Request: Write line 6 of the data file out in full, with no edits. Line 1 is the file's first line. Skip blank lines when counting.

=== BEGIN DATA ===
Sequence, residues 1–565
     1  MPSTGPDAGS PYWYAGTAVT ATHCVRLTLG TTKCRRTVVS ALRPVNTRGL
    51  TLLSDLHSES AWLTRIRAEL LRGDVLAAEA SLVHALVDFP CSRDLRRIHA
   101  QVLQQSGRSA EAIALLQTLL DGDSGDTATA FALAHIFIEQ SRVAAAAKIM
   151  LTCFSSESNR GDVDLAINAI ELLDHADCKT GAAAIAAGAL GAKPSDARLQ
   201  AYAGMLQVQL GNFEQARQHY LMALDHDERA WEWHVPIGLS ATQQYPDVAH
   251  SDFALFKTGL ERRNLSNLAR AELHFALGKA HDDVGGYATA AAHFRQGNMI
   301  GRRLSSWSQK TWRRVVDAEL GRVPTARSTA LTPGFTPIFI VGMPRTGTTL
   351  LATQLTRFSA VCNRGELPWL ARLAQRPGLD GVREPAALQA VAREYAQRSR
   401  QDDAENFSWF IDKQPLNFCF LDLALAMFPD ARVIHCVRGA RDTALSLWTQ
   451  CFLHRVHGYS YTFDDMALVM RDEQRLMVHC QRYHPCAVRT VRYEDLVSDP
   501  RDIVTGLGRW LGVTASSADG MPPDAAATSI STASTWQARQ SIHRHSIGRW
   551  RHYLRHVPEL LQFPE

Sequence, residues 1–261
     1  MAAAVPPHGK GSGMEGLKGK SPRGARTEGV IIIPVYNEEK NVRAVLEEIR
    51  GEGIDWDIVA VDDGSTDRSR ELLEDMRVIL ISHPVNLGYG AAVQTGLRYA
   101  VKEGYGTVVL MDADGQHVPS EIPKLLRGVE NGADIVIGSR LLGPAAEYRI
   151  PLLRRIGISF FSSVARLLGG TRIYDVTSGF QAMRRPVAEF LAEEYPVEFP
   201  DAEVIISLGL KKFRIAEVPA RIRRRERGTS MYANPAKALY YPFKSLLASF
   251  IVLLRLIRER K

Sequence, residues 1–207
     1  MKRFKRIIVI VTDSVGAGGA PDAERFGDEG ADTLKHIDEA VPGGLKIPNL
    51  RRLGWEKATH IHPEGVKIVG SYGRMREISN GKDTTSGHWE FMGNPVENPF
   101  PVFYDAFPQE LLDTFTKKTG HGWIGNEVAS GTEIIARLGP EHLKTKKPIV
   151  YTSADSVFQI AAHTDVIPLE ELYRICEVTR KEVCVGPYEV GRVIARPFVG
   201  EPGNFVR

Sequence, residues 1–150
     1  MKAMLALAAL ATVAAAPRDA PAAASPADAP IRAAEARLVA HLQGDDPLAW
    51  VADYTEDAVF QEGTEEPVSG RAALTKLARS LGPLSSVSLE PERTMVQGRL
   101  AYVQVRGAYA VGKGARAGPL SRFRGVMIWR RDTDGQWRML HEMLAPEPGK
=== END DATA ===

   201  AYAGMLQVQL GNFEQARQHY LMALDHDERA WEWHVPIGLS ATQQYPDVAH